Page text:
natural gas  methane emissions  emission reductions  climate  safe operations 

Mark Green

Mark Green
Posted August 8, 2019

Our country needs abundant energy AND climate progress – both of them, continuing to advance together, as they have in the U.S. in recent years. Embracing the dual challenge of making energy abundant and accessible while reducing energy-related emissions is the realistic path to growth and opportunity that can broadly benefit the nation and the lives of individual Americans.

Certainly, our industry is focused on new innovations and technologies that continue to reduce emissions from natural gas and oil production and improve the environmental performance of our operations and facilities. …

The objective is continued progress. High-production areas, including the Permian Basin in Texas and New Mexico and the Bakken in North Dakota and Montana, need additional pipeline infrastructure to take away natural gas when it accompanies oil production. More infrastructure could reduce the amount of flaring – regulated, limited burning of methane – that takes place.

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Nuclear Gets Its Bailout, Ohio Ratepayers Get the Bill

ohio  nuclear  subsidy  consumers 

Mark Green

Mark Green
Posted July 25, 2019

With Ohio’s passage of a corporate bailout for nuclear and coal-burning power plants – a consumer-funded subsidy that could amount to more than $1 billion through 2027 – Columbus Dispatch metro columnist Ted Decker lamented: Why are ratepayers paying the price for one company’s ineptitude?

A great question that apparently didn’t register with a majority in the state legislature or Gov. Mike DeWine. Then again, they weren’t persuaded to back off the subsidy plan when confronted by Ohio public opinion, which overwhelmingly opposed docking the state’s ratepayers on a monthly basis to bail out two nuclear power plants.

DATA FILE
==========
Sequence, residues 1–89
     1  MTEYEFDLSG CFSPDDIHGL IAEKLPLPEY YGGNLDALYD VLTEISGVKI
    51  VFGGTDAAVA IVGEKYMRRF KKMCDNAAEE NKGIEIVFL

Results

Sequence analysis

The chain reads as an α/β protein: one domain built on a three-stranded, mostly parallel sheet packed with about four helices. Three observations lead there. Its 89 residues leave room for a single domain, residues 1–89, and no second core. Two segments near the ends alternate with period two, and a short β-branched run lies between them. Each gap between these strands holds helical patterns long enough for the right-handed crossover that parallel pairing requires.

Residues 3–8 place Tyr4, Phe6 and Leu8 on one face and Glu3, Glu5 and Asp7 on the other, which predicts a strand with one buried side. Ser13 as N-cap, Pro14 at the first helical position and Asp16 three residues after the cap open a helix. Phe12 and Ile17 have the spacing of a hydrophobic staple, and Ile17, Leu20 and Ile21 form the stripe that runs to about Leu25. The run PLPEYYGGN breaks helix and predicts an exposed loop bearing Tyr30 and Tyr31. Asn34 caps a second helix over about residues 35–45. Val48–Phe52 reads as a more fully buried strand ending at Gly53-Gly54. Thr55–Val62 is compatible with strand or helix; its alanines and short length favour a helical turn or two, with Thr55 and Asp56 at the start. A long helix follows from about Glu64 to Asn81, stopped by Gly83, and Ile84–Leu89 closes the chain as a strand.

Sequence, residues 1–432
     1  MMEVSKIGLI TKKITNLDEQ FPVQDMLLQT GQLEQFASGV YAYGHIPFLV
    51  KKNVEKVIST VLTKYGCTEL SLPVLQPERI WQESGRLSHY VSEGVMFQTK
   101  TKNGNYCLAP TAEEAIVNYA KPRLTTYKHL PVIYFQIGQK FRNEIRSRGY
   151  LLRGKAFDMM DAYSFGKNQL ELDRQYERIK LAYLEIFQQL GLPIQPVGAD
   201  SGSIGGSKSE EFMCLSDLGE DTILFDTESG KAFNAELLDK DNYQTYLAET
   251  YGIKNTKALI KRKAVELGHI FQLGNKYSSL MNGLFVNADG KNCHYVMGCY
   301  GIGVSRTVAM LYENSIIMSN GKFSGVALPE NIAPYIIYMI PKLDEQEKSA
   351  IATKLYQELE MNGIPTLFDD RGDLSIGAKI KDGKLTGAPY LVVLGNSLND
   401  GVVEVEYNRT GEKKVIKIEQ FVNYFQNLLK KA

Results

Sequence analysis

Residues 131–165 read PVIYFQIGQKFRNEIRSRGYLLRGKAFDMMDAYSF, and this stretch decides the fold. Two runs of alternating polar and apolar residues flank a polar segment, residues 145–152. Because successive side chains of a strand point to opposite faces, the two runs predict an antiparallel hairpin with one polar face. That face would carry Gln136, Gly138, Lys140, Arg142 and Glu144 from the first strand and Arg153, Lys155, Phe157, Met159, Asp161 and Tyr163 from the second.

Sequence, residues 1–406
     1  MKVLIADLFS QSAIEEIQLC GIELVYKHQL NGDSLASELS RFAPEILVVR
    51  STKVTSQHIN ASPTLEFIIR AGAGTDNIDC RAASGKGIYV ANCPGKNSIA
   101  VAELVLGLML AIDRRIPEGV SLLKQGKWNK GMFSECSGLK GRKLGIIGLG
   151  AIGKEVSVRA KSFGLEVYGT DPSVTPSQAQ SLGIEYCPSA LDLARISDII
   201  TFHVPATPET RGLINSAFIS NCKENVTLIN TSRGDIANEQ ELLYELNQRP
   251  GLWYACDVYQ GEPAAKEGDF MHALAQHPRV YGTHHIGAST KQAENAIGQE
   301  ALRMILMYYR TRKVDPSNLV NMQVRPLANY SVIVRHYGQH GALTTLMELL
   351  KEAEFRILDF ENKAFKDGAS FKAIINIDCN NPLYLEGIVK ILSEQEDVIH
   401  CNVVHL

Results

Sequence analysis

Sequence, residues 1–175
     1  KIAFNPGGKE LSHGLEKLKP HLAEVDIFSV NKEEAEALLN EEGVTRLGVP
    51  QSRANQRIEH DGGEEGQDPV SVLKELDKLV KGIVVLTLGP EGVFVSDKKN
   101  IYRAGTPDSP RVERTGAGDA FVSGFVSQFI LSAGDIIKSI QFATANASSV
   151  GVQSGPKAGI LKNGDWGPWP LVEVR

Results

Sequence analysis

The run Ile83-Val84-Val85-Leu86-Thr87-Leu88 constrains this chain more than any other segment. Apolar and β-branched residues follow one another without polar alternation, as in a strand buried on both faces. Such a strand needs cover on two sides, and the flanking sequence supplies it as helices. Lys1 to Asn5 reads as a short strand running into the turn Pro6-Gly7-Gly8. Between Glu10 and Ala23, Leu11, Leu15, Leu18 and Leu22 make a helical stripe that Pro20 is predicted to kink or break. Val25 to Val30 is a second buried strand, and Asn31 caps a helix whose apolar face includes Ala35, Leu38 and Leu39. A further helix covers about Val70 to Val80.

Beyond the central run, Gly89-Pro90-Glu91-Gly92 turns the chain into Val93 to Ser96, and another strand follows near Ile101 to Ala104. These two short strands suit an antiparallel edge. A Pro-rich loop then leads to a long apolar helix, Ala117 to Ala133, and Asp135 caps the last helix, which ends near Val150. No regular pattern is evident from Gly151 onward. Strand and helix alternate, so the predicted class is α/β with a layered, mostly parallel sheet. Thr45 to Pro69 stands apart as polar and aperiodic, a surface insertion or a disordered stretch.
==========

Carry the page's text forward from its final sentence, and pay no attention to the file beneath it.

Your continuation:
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Energy Malpractice

new york  natural gas pipelines  consumers  electricity 

Mark Green

Mark Green
Posted July 24, 2019

An important test of energy leadership is whether elected officials will act to enhance and protect strategic energy interests – a point we made in a post last week about smart, forward-looking policies that foster safe and responsible offshore energy.

A leadership corollary: First, do no harm.

We say that because, in a nation that’s the No. 1 producer of natural gas and oil in the world, leaders shouldn’t be making energy decisions that hurt those they’re supposed to serve. Unfortunately, in New York, there has been quite a bit of pain inflicted on New Yorkers by the Cuomo administration’s energy agenda.

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Natural Gas – At Leading Edge of Climate, Air Quality Progress

Mark Green

Mark Green
Posted July 18, 2019

Natural gas continues to be a leader in progress on key climate and environmental goals.

Data contained in two new reports point to the role clean natural gas has played in reducing carbon dioxide, an important greenhouse gas, and in improving the quality of the air Americans breathe.